9-27-18 - Glady Fork Rd has several access points for Headwaters State Forest. The best known one so far is for Graveley Falls, but there is one closer to East Fork Rd and 2 others just down the road from Graveley that can provide you with some nice hiking options that I'll discuss below. Only one of these is an 'official' parking area - the White Oak Bridge access - but it is legal to pull off the side of the road as long as your vehicle is completely off the road, not blocking any gates, and not on private property. There aren't any official trails yet either, but there's a network of old roads and foot trails that are very suitable for hiking. Remember, this is foot traffic only - no bikes or horses. This is also gamelands and you need to wear blaze orange during any hunting season! Information about hunting in NC can be found here. You will need a good sense of direction for hiking in here as well as topo maps and compass along with a handheld GPS or phone app that doesn't require cell service to work. None of the roads are marked and it would be very easy for a novice hiker to get turned around and end up lost. Larger versions of these maps are on this page.
Directions: From the center of town in Brevard at Broad and Main Streets, turn on to East Main St (US276 south). Drive 7.3 miles on 276 and turn right on East Fork Rd. This is also the back entrance for the Connestee Falls development. Drive 7 miles on East Fork Rd and take a sharp left on Glady Fork Rd. You can also come in the other end of East Fork from Rosman if you happened to be in that area. If so, bear right on Glady Fork Rd. Cross a concrete bridge, then look for a red gate on the left before the next bridge 0.3 miles down. This is a legal access area also, but I haven't explored it yet. You'll also begin seeing Headwaters State Forest diamond signs on poles and trees if you didn't notice the ones on East Fork Rd. The cabled road leading to Graveley Falls is at 2.6 miles on the left. The first access point discussed here is 3.1 miles down Glady Fork Rd on the left. I recently found out that this is referred to as the White Oak Bridge access point. Pull off on the side of the road without blocking the wood bridge leading to the red gate There's a kiosk with no real info on it yet on the other side of the gate. There are 2 trails that you can take here. Cross the wooden bridge and go around the red gate. The trail to the left parallels Glady Fork Rd for 1/2 mile and comes out near the beginning of the road leading to Graveley Falls. The trail is in good shape and is easy to follow, but at 0.4 miles you'll have to get your feet wet crossing South Prong of Glady Fork. There was a bridge here, but it has been washed out. Back at the kiosk, the road heading up to the right will take you up towards the Foothills Trail.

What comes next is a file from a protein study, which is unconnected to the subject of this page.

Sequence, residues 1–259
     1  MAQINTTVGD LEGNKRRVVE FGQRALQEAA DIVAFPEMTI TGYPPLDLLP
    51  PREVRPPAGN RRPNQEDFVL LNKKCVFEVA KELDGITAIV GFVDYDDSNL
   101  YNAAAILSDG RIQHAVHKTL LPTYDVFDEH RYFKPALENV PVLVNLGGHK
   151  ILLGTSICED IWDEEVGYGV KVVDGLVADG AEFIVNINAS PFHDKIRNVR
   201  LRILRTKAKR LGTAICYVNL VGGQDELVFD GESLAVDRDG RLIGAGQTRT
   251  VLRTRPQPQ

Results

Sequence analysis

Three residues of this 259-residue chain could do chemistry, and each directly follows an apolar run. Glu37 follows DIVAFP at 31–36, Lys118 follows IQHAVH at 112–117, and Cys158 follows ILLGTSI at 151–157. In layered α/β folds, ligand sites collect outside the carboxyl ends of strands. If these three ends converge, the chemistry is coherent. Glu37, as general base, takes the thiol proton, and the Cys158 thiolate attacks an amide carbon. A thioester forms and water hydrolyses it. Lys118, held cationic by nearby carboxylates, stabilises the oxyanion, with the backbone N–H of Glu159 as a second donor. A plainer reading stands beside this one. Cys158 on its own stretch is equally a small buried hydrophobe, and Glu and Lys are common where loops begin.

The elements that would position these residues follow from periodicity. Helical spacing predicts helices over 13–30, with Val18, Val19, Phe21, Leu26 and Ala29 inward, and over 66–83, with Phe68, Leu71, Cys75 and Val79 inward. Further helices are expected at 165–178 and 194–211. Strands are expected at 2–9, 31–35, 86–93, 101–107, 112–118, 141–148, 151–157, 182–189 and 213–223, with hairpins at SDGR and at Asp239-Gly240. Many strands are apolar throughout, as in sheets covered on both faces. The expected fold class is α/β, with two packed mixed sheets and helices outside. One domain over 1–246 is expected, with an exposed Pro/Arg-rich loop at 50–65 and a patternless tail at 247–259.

The second access point is 3.4 miles down Glady Fork Rd on the left. Pull off without blocking either of the 2 entrances. Before I found out that the access at 3.1 miles had a name, I was calling it Glady Fork Access 3.1 and the other one Glady Fork Access 3.4 for lack of better names. Maybe one day I'll get around to changing the graphic below.